The Simple Joy of “No Phones Allowed”

The effect was immediately noticeable upon entering the concert bowl. Aside from the time-travel-like strangeness of seeing a crowd devoid of blue screens, there was a palpable sense of engagement, as though—and it sounds so strange to say it—everyone came just so they could be there.

People were visibly enjoying the opening band, at least in part because that band no longer compete with the entire internet for the crowd’s attention. Even the crowd’s milling around and chatting between acts was so much more lively. People were either talking to their neighbors, or taking in the room. And everyone taking in the room was taking in the same room. It felt great. 

…Distracted concert crowds are a problem worth addressing, but it’s a small one, relatively speaking. I don’t think we’ve even begun to comprehend the full cost of our devices on our lives, particularly on our social structures, the development of our children, and our overall mental health. When the long-term studies start coming out, we’re going to be appalled.

I imagine that in another decade or two we’ll look at 2010s-era device use something like we do now with cigarette smoking. I was born in 1980, and I remember smoking sections on planes, which is unthinkable today. I wonder if today’s kids will one day vaguely remember the brief, bizarre time when people didn’t think twice about lighting up a screen in the middle of a darkened concert hall.

I can get behind this. I occasionally go through a phase where I leave my phone at home and there are a few things you notice. First thing I notice is that the cell phone has a cigarette like pull on me. When I used to smoke, the first thing I would do when I had a free second is reach for a smoke. Waiting for the band to clear the stage, smoke. Waiting for other to show up to rehearsal, smoke. Waiting for the bus, smoke. Same damn thing with a cell phone.

The second thing you notice is everyone glued to their damn phones EVERYWHERE. It’s like “They Live”. It’s really odd to see it and not be of it. This is a nice paragraph as well.

Every time someone in a group of people deploys a screen, the whole group is affected. Each disengaged person in a crowd is like a little black hole, a dead zone for social energy, radiating a noticeable field of apathy towards the rest of the room and what’s happening there.

We all know this feeling from being at a restaurant table when one person has “discreetly” ducked out into their screen. Even while everyone else is happily chatting face-to-face, everyone feels the hole.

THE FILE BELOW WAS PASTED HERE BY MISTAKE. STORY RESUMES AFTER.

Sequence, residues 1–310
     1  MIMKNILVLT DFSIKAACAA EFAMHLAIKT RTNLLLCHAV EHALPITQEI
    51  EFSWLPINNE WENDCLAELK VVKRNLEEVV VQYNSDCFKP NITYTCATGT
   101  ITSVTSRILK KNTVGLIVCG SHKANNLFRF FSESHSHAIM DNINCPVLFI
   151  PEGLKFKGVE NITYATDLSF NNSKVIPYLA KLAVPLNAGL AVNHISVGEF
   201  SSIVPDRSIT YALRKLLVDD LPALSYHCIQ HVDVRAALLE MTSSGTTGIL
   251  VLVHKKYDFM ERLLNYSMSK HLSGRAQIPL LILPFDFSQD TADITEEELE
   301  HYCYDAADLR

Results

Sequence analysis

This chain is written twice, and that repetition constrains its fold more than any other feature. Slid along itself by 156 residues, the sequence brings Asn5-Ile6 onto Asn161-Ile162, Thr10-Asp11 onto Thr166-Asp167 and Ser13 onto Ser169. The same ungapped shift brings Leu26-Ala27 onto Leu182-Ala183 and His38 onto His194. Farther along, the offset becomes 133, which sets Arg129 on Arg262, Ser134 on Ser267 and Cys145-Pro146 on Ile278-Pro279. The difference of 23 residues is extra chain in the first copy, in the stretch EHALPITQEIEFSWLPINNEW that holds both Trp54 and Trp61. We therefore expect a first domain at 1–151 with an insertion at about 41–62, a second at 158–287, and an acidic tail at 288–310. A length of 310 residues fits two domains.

The full strength of this black-hole effect on today’s social events can be hard to appreciate, because it has crept into our lives so gradually. But it sure was obvious in a venue at which everyone’s ripcord has been checked at the door. So much more attention stayed in the room, and it was palpable.

Think I may give the no cell phone outside the house thing again…..

Houdini or bust

After much thought and weighing of options I have decided to do a deep dive into Houdini and Redshift and see what I can start doing in there. I am getting frustrated with doing sims and then figuring out how to export them from Houdini, into C4d and then render with Octane. Going to try to just get it all working in one dang place.

The possibilities are super exciting and with the speed of Redshift I can see myself having a easier time with look dev. Doing some basic tuts to start and rehash the basics then moving on to more advanced stuff hoping to absorb some of it. Hopefully I’ll start posting Houdini made abstract skulls shortly, lol!

Starting with these two series to rehash the basics and get some particle work going on. Then I want to revisit Applied Houdini again. I got through the first two working on my smoke sims but got in over my head. So a recap on Houdini and then a deep dive into smoke and particles. That should cover the next few months!

'Welcome to #Hustletown': How hustle culture took over advertising - Digiday

To be clear, hustle isn’t just hard work — it’s showing that you’re working hard. It’s Instagram posts about how much you have to travel for work, it’s LinkedIn and Medium memos about how if you’re not working yourself to the bone you’re not doing enough. It also smacks a little bit of “work at all costs.” And if you’re not struggling, you’re probably not working hard enough.

“There’s this whole thing about how being an entrepreneur, or even just a person working, has to be like falling on your face while eating glass,” said Eliason. “That’s bullshit. This is a job, and you can quit any time.”

This is such bullshit bro culture crap. It’s needs to die with the “Gig Economy today.”

There is backlash coming to this. Eliason is one of them — he’s instituted new rules at his agency that include flat fees, not time billed. People are now focused on balance, mindfulness, and not dying because you have too much to do. 

“Younger employees rightly question their return on doing things 100 times. Is the work getting better as a result of this?” said Clark.”The approach to creative ideation is necessary and good and yields better work, but there is a point where it gets to diminishing returns.”

Source: https://digiday.com/marketing/welcome-hust...

Mount Hood's Deadliest Disaster | Outside Online

“About an hour before midnight on Mother’s Day in 1986, a group of teenagers assembled at an Episcopal high school in Portland, Oregon, to embark on an expedition. Their goal was to summit Mount Hood, completing an adventure program that was required for all sophomores. What followed was a story of tragedy and loss that is commemorated annually at the institution it changed forever.”

Source: https://www.outsideonline.com/2357451/moun...